Staff member at youth prison in Cuyahoga County tests positive for coronavirus


By Eric Heisig - Advance Ohio Media, Cleveland (TNS)



CLEVELAND, Ohio — A staff member at a juvenile correctional facility in Highland Hills has tested positive for the coronavirus, a few days after an inmate was also revealed to have it, officials said Saturday.

The Ohio Department of Youth Services found out Friday evening that the staff member, who works at the Cuyahoga Hills Juvenile Correctional Facility, had tested positive for the virus, according to a statement from DYS spokeswoman Jill Craig. The employee was tested earlier in the day and had last worked on Wednesday, Craig wrote.

DYS found out about the staff member’s positive test two days after the state revealed that an 18-year-old man at the facility had the virus. The man started showing symptoms on Monday evening and was placed in isolation.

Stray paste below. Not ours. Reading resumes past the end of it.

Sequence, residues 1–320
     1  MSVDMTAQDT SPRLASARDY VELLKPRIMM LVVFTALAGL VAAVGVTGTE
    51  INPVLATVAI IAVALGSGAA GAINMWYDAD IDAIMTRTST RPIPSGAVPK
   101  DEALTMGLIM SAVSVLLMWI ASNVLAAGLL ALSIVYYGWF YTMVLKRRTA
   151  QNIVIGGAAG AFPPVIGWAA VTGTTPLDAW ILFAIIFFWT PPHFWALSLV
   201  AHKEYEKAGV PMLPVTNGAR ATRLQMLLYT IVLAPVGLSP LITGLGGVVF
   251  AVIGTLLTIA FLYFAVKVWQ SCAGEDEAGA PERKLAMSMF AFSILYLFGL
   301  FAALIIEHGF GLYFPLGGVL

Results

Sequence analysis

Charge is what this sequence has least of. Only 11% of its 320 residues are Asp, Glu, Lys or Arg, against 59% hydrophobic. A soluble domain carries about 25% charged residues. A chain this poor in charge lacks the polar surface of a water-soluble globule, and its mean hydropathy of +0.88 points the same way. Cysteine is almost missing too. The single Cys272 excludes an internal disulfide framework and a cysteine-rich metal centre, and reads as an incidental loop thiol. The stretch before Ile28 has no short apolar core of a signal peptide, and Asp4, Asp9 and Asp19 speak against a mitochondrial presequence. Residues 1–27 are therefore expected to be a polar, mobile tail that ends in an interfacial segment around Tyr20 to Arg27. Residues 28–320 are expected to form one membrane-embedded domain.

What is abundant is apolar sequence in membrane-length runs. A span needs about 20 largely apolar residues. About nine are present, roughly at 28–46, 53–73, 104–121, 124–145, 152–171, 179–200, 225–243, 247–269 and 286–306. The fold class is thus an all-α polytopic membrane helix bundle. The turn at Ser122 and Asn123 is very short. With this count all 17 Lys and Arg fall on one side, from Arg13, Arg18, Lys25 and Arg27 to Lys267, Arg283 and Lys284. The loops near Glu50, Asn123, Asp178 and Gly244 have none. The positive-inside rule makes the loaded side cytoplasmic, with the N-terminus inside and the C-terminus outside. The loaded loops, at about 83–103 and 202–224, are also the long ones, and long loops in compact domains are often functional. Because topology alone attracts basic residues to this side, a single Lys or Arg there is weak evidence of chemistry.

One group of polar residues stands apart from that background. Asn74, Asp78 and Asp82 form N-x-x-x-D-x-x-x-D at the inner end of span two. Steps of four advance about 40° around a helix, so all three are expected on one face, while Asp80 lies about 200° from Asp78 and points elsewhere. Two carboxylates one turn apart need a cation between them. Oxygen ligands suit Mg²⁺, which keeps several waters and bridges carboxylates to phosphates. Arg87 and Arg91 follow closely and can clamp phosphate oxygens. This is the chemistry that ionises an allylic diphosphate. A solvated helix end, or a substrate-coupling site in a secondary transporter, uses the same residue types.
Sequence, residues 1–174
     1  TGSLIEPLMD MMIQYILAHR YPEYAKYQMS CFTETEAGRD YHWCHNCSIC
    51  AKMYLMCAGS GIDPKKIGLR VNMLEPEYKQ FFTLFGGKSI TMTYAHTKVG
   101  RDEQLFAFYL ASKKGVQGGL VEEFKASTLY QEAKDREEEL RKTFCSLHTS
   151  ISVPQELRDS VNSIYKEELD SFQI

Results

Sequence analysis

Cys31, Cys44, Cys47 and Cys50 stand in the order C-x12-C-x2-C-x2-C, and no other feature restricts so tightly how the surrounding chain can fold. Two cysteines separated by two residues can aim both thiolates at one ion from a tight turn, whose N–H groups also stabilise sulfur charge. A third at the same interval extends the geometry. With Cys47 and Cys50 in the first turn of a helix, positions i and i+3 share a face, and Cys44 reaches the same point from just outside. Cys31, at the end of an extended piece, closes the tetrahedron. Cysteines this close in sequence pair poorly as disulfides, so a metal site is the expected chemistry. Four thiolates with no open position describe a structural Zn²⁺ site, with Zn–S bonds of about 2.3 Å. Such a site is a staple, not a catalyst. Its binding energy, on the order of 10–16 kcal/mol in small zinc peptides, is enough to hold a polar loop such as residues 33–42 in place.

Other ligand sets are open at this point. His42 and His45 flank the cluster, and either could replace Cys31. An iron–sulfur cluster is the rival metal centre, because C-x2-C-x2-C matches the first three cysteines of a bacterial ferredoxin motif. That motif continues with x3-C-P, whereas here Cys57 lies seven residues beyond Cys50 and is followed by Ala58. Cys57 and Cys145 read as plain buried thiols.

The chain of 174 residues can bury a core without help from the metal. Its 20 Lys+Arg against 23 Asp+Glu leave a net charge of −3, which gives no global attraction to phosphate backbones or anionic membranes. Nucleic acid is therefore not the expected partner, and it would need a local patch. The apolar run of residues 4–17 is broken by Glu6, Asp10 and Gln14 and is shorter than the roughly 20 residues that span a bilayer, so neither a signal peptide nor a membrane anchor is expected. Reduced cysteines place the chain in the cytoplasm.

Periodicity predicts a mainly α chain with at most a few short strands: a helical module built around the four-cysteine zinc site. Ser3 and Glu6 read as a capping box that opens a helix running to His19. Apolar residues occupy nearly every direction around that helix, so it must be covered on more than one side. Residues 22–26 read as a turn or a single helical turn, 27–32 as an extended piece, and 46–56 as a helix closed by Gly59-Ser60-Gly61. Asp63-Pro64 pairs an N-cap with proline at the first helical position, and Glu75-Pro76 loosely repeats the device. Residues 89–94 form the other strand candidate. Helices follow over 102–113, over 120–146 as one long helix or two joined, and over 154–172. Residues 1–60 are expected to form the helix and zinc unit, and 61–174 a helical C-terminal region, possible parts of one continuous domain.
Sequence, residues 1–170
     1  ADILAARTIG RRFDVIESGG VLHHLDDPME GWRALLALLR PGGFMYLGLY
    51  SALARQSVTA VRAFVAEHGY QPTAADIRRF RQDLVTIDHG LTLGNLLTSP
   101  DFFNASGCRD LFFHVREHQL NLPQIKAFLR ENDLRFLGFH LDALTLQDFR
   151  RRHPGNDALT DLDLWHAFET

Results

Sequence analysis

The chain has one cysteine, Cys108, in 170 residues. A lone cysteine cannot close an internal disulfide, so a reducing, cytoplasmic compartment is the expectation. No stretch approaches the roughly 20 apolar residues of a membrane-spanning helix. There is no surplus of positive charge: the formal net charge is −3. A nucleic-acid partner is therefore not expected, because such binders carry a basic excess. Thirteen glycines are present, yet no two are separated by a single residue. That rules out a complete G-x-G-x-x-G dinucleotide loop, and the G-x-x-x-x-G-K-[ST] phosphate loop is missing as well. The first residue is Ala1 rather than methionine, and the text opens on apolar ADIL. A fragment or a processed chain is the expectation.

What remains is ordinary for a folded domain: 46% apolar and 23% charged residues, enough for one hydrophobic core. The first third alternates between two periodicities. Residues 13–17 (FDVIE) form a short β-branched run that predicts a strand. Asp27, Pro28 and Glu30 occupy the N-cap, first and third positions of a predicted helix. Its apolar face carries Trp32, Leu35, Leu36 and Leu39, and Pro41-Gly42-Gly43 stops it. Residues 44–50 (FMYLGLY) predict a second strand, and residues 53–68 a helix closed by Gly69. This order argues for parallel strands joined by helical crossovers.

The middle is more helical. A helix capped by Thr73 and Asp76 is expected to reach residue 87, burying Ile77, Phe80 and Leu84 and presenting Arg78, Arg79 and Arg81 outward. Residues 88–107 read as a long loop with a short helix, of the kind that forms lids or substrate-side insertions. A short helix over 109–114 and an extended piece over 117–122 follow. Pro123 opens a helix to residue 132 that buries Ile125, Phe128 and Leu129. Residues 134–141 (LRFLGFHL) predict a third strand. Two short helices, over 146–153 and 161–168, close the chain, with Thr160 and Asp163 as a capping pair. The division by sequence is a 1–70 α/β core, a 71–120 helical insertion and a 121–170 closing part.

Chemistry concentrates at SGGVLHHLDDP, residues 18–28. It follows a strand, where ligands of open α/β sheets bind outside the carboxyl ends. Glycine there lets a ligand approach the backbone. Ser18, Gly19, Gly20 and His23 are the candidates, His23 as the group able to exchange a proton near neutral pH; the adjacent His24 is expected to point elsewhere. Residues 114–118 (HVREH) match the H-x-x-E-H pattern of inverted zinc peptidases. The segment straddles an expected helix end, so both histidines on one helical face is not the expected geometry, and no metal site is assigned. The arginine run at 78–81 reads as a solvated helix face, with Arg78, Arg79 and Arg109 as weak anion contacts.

His was the first confirmed case inside any of the state’s three juvenile correctional facilities, which had 391 offenders between the ages of 10 and 21 as of April 1. One woman who did part-time contracting work at its central office in Columbus tested positive in March.

Craig’s statement said the Cuyahoga Hills employee will be off work and under isolation until they are cleared to return, and that staff is working with the county and state health department.

“Necessary precautions are being taken, including contact tracing that will be completed both internally and for any contact in the community,” Craig wrote. “The facility will also continue to closely monitor any symptoms displayed by both staff and youth.”

As of Saturday, all 94 inmates are quarantined at the Cuyahoga Hills facility, and three are in isolation. Four inmates have been tested; two tests are pending while one came back negative.

The facility has limited visitors to facilities, and provided inmates and staff with masks.

Juvenile justice advocates have called on Gov. Mike DeWine and youth prison officials to release teenagers being held in custody before the virus made its way into the detention centers and youth facilities around the state. The fears are similar to those in jails and prisons, where the state has recorded several thousand cases over the past few weeks: close living quarters could lead to a quick spread of the virus.

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By Eric Heisig

Advance Ohio Media, Cleveland (TNS)

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